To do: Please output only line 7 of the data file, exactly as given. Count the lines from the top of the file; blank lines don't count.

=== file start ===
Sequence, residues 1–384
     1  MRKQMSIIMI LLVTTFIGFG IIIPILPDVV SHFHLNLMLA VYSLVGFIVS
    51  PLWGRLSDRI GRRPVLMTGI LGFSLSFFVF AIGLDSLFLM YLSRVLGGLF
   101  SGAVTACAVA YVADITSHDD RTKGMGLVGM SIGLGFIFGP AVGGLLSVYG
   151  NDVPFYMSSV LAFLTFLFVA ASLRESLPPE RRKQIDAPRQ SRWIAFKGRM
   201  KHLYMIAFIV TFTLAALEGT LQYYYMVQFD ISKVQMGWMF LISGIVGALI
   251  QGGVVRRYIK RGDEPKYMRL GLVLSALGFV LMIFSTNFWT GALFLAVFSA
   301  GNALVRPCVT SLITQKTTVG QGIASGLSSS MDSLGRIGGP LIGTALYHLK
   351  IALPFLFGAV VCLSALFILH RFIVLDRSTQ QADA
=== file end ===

   251  QGGVVRRYIK RGDEPKYMRL GLVLSALGFV LMIFSTNFWT GALFLAVFSA